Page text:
Martin Krzywinski / Genome Sciences Center / mkweb.bcgsc.ca Martin Krzywinski / Genome Sciences Center / mkweb.bcgsc.ca - contact me Martin Krzywinski / Genome Sciences Center / mkweb.bcgsc.ca on Twitter Martin Krzywinski / Genome Sciences Center / mkweb.bcgsc.ca - Lumondo Photography Martin Krzywinski / Genome Sciences Center / mkweb.bcgsc.ca - Hilbertonians - Creatures on the Hilbert Curve
Thoughts rearrange, familiar now strange.Holly Golightly & The Greenhornes break flowers

pi day: beautiful


Visualization Tour, Melbourne, October 9–20, 2014


visualization + design

Typography geek? If you like the geometry and mathematics of these posters, you may enjoy something more lettered. Visions of type: Type Peep Show: The Private Curves of Letters posters.

← art(π,φ,e)

2013 Pi Day Art Posters — March 14

download

numbers.tgz
1,000,000 digits of π, φ, e and ASN.

watch video

Watch the video at Numberphile about my art.

Martin Krzywinski @MKrzywinski mkweb.bcgsc.ca
Numberphile video — Pi is Beautiful. (watch)

2014 Pi Day art

Explore Pi Day art for 2014.

Martin Krzywinski @MKrzywinski mkweb.bcgsc.ca
Pi Day art for 2014. (explore)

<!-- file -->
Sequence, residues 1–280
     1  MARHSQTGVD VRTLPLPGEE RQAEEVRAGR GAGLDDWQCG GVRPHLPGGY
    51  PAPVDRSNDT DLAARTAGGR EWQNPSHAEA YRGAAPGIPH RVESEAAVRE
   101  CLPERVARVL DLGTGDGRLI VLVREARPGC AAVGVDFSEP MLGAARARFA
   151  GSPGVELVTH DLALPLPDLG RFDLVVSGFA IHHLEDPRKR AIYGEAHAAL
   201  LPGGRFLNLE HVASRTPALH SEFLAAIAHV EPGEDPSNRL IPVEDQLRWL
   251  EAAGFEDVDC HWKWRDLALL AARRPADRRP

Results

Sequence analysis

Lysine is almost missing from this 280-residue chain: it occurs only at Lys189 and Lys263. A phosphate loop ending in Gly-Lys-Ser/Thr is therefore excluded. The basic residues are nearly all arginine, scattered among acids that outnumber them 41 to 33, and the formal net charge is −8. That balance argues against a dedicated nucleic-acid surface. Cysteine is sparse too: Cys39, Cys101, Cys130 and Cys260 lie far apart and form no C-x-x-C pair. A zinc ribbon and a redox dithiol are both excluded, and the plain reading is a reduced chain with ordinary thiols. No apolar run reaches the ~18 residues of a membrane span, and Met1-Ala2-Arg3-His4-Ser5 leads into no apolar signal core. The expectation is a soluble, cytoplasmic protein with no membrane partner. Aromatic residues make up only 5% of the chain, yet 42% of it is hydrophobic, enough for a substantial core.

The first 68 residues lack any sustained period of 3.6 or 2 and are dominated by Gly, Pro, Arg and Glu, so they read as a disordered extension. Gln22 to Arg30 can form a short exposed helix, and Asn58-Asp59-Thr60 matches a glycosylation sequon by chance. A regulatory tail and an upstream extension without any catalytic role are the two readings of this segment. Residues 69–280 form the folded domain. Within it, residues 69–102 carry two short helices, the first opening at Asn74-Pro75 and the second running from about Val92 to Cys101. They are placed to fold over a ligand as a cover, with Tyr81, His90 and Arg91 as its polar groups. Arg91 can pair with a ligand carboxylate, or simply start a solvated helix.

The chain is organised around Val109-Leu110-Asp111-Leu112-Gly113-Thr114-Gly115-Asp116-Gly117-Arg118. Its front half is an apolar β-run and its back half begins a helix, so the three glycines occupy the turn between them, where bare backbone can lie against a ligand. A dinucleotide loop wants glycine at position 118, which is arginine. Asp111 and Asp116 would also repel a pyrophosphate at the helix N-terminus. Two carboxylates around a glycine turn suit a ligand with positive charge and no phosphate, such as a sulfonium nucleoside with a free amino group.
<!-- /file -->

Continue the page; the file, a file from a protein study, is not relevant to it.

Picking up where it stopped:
buy artwork

All the artwork can be purchased from Fine Art America.

buy Pi day posters

buy Love in Pi posters

transcend, don't repeat, yourself

Proclus got it right when he said (as quoted by M. Kline in Mathematical Thought from Ancient to Modern Times)

Wherever there is number, there is beauty.

So let's explore what Pi looks like with something whimsical and pretty and colourful. Rational art of the highly irrational, a regime where beauty runs with her hair down and lets her "ribbons to flow confusedly." Robert Herrick says it well in Sweet Disorder,

I see a wild civility;—
Do more bewitch me, than when art
Is too precise in every part.

Martin Krzywinski @MKrzywinski mkweb.bcgsc.ca
Each digit is represented by a dot of a different color. The inner grey dots appear to glimmer—this is the luminance effect in action.